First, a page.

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Scientific data indicates bat, water impact from wind turbines  

Credit:  Daily Advance | November 8, 2016 | www.dailyadvance.com ~~

Scientific data presented by Dr. Paul Cryan in 2008 to the Wind Turbine Guidelines Advisory Committee and in the Journal of Wildlife Management provides evidence that bats are killed by wind turbines due to the mating behavior of bats seeking the highest tree.

The bats regard the wind turbines as the highest trees as they view the landscape during mating season. The bats are subsequently killed during their ascent by the wind turbine blades. The bats are killed by being struck by the blades and also by barotrauma, caused by the drop in atmospheric pressure at the blade tips which damages the bats’ lungs.

The Timbermill permit application provides a list of wind turbines that might be used, with the rotor diameter ranging from approximately 413 to 449 feet and a rotation speed of 15 rotations per minute. At 15 rotations per minute, using a rotor diameter of 449 feet, times 15 rotations times 60 (minutes/hour), divided by 5,280 (the number of feet per mile), the tip speed would be approximately 240 miles per hour. Applying scientific data to the stated Timbermill Wind facility in Chowan and Perquimans counties, provided in the applications to the counties, the bat fatalities would be as much as 9,000 per year.

Scientific data pertaining to the aquifers underlying Chowan, Perquimans, and Pasquotank counties shows the surficial aquifer and underlying confined Yorktown and Castle Hayne aquifers currently supply Chowan County and the surficial aquifer and underlying confined Yorktown aquifer supply Perquimans County. The hydraulic head of each aquifer provides the force to prevent saltwater intrusion. Excessive pumping results in less hydraulic head.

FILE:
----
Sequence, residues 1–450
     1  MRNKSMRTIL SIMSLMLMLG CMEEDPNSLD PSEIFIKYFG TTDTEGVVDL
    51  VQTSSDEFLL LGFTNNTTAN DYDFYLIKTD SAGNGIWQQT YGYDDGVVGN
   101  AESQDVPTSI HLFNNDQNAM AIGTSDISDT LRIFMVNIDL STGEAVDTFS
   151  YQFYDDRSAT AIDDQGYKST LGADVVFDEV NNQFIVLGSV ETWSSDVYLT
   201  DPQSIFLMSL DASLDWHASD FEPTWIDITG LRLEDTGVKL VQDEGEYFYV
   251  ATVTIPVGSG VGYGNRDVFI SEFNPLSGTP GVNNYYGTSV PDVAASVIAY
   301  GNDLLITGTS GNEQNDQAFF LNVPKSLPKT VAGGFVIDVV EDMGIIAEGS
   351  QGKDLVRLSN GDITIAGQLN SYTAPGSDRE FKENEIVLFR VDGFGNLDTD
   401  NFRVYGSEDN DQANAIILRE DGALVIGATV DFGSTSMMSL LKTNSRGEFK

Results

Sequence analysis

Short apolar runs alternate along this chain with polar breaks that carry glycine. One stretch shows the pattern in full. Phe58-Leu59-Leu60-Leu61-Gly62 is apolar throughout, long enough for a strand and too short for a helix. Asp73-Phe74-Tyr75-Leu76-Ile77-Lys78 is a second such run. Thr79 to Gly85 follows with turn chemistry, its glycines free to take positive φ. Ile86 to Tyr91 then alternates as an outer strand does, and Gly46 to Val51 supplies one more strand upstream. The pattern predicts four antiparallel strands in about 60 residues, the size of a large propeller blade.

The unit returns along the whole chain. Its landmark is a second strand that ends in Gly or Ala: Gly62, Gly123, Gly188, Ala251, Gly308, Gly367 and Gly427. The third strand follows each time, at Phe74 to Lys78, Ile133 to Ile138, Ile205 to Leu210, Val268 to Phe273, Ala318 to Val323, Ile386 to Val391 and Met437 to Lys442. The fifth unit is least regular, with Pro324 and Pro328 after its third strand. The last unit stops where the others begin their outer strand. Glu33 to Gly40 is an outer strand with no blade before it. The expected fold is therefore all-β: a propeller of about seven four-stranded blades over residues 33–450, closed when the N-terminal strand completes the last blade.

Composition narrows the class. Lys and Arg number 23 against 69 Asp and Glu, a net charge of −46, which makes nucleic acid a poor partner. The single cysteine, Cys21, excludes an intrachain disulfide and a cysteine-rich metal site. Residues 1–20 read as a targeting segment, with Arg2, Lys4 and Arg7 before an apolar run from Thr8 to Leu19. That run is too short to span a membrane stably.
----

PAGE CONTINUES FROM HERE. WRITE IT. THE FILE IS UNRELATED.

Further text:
In an ENRSoutheast news article, Iberdrola’s vice president of construction for the wind facility being constructed in Pasquotank County explained that during construction of the 67-foot diameter concrete wind turbine foundations, extending to 12 feet deep, that numerous wells were placed around the turbine foundation perimeter in order to pump the groundwater down to 15 to 20 feet below the bottom of the 12-foot deep foundation excavation area.

Personnel from the N.C. Department of Environmental Protection agreed that this constituted a lot of water being pumped; however, they stated that this is considered part of the construction activities and that there is no regulatory requirement regarding the removal of such large quantities of groundwater.

Such pumping will reduce the hydraulic head of the surficial and inter-connected Yorktown aquifers to facilitate greater saltwater intrusion. Scientific research, therefore, exposes negative impacts by windmills to bats and to aquifers underlying Chowan, Perquimans, and Pasquotank counties.

Dr. Pamela Dodds

Montrose, W.Va.

Source:  Daily Advance | November 8, 2016 | www.dailyadvance.com

This article is the work of the source indicated. Any opinions expressed in it are not necessarily those of National Wind Watch.

The copyright of this article resides with the author or publisher indicated. As part of its noncommercial effort to present the environmental, social, scientific, and economic issues of large-scale wind power development to a global audience seeking such information, National Wind Watch endeavors to observe “fair use” as provided for in section 107 of U.S. Copyright Law and similar “fair dealing” provisions of the copyright laws of other nations. Send requests to excerpt, general inquiries, and comments via e-mail.

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